Wednesday, September 8, 2010

Big City Future

This morning I was reading a post linked through Cyclelicio.us that claims "According to a May 2010 Brookings Institute report, “metro areas are exceeding national averages on population growth.” For the first time, America’s suburbs are more likely to be home to minorities, the poor, and a rapidly growing older population, while younger, educated whites move to cities for better jobs and shorter commutes." I'm curious as to what this all means for me and for others who live in small towns and cities. Will the small city become obsolete? Will we begin to think of suburbia as 'the ghetto?' Does this mean if I don't live in a larger city, I'll be left behind? I have no issue particularly with living in a larger city, and I am beginning to understand as I age each year that there really isn't a reason to live in a smaller town because everything is easily accessed in larger cities, but I find it curious that the 20-somethings of today are flocking to larger cities in large numbers. It does make sense though, particularly as the larger the city, the more people there are, and the more likely one is to meet friends, a partner, find a job, and be able to bike or take another alternate mode of transportation on errands, meetings and work. With larger cities come other issues though (such as over population and more crime).

While there are days I enjoy living in a small city (less than 100,000 is my definition of  'small'), there are many other times when I long for the convenience of real city life. Though I have experienced living in a large city, it was one that was quite spread out and not at all built to sustain living without a car (though I did so for a good chunk of time). I am also curious to see if the current 20-something workers will get into their 30s and 40s and wish to live in a smaller area?
I know that I've found that there's a level of city that I enjoy and then it becomes too much. For example, Denver is fine as a city and is very doable, however, I'm not sure I could live in New York for the long term. Though I've busied myself musing about the future and what it will entail, I realize that nothing happens over night and for now, those of us living in small town America will have to make do with what we have.

In other news, I'm wondering who in the world I'm becoming? I actually purchased a synthetic fabric bike jersey the other day (whether I will wear it or not remains to be seen), and this morning found myself browsing clipless pedals. I've had some foot strain issues and have read that it could be due to my shoes or lack of the clipless pedals.
I wish that I didn't fear these pedals so very much because it would be an easy decision, but I've heard and read too many incidents of newbies falling down at a signal because they can't unclip his/her shoe, and I know how clutzy I am, so I question whether I want to endure the trials and tribulations of learning to do this. While I am tempted to take the plunge and force myself to figure it out, I really don't want to drop my pretty bicycle, nor do I want to hurt myself.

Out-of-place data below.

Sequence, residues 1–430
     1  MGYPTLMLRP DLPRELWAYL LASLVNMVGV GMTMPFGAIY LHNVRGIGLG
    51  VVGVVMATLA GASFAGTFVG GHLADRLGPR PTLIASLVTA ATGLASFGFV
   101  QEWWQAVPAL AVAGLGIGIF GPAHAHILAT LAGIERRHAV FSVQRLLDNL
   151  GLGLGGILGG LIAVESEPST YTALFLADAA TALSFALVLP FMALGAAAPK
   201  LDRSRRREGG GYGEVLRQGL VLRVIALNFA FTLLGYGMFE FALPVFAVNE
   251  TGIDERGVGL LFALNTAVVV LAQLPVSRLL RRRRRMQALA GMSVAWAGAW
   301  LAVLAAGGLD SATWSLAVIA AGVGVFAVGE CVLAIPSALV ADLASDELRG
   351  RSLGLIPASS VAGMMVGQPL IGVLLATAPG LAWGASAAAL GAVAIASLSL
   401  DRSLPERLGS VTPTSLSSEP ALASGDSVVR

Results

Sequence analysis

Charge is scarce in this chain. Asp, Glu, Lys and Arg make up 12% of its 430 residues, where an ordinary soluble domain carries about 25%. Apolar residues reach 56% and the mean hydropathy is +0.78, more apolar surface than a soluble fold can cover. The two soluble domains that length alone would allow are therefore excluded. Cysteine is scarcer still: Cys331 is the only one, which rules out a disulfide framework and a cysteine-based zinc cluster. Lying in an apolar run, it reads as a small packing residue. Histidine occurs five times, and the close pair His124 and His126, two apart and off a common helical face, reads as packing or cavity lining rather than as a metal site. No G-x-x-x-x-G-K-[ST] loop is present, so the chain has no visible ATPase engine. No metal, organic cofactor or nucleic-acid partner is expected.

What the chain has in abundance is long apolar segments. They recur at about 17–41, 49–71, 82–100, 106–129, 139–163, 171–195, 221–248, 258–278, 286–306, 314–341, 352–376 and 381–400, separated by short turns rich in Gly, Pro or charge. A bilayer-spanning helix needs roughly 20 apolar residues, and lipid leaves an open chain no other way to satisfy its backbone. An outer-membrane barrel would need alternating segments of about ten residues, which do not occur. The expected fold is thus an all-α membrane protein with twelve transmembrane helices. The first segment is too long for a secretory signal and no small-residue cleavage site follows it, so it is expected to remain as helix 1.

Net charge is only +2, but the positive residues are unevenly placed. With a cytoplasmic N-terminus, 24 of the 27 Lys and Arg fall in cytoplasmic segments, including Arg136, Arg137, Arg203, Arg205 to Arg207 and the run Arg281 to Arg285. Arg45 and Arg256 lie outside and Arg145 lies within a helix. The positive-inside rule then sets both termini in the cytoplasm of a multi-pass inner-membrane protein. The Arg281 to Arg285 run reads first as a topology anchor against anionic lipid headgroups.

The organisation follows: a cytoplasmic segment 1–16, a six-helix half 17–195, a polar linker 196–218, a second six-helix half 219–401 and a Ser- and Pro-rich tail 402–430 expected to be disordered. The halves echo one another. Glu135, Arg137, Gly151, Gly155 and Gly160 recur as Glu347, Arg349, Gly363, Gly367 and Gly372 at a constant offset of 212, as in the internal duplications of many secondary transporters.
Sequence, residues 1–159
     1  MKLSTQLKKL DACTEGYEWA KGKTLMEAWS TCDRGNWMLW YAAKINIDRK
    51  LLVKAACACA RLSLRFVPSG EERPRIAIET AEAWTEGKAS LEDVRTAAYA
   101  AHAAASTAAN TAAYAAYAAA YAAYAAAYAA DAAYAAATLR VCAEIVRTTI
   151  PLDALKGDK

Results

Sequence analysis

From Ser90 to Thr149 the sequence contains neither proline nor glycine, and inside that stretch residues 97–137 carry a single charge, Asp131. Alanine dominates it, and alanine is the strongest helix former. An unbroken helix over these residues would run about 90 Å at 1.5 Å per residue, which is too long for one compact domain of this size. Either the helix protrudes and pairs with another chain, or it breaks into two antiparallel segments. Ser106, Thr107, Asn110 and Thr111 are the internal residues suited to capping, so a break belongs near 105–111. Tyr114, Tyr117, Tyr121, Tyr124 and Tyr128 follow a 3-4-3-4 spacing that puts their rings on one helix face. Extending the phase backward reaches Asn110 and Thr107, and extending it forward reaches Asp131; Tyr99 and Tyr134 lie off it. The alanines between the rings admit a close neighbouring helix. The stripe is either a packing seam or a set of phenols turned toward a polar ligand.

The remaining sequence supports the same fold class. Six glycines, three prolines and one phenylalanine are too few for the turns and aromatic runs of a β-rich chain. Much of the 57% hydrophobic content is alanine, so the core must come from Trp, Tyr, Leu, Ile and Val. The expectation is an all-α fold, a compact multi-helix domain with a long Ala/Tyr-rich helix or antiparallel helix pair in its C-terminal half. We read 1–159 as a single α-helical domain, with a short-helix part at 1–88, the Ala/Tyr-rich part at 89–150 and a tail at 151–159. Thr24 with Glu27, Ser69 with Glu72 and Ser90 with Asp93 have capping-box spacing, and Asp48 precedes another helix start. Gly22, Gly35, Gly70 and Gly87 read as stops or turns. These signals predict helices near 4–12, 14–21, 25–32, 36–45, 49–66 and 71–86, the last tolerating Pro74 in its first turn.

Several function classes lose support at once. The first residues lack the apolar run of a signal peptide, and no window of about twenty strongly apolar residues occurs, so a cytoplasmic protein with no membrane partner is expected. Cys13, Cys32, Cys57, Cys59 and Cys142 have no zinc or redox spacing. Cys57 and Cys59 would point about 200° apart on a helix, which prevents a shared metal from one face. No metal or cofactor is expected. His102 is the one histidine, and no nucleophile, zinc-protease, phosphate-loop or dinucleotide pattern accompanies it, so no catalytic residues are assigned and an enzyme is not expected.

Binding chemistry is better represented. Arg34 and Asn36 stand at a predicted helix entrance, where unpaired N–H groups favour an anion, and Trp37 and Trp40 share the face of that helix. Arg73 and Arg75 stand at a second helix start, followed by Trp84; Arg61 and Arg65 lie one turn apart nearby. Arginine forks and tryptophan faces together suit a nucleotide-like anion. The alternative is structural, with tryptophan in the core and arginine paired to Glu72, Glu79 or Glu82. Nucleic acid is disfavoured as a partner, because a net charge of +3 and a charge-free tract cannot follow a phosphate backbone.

3 comments:

  1. You have to just jump in, the water's great! Really.

    Actually my husband had good advice - first time out (or really do this a couple times at the beginning of your rides) just ride around on a lush lawn for a while, and clip in and out. You probably won't fall, but the lawn will keep you going at a moderate pace. Only once did I ever come close to falling when I was really tired at the end of ride. Now clipping out is second nature and sometimes I forget and kinda "clip out" of my platform pedals on my city bike. :)

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  2. {giggle} @ 'clipping out of platform pedals.' I know I should try to do this, and it would make it easier for the longer rides, but I am completely freaked out by the idea of being "trapped" in a pedal. I agree though that it's more of a practice thing and what I am currently used to. I think I just need to try, try again, and should probably give this a go. I am slowly working my way up to the scariness of it all.

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  3. I know you can do it! Just don't tire yourself out on your first few rides.

    Like I mentioned elsewhere, we just got back from a little cyclotour in Italy. What did I bring? My Brooks saddle and my pedals. It's a learning curve but worth it.

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